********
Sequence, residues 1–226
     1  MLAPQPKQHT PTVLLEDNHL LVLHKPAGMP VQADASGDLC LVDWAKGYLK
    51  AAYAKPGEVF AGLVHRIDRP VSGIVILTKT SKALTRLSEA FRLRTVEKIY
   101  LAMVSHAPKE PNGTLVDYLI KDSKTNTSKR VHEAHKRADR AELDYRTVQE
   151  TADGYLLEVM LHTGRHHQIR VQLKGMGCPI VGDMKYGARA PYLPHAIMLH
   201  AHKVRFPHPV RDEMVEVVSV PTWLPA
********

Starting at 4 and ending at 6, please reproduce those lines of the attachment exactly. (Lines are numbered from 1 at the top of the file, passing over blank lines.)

   101  LAMVSHAPKE PNGTLVDYLI KDSKTNTSKR VHEAHKRADR AELDYRTVQE
   151  TADGYLLEVM LHTGRHHQIR VQLKGMGCPI VGDMKYGARA PYLPHAIMLH
   201  AHKVRFPHPV RDEMVEVVSV PTWLPA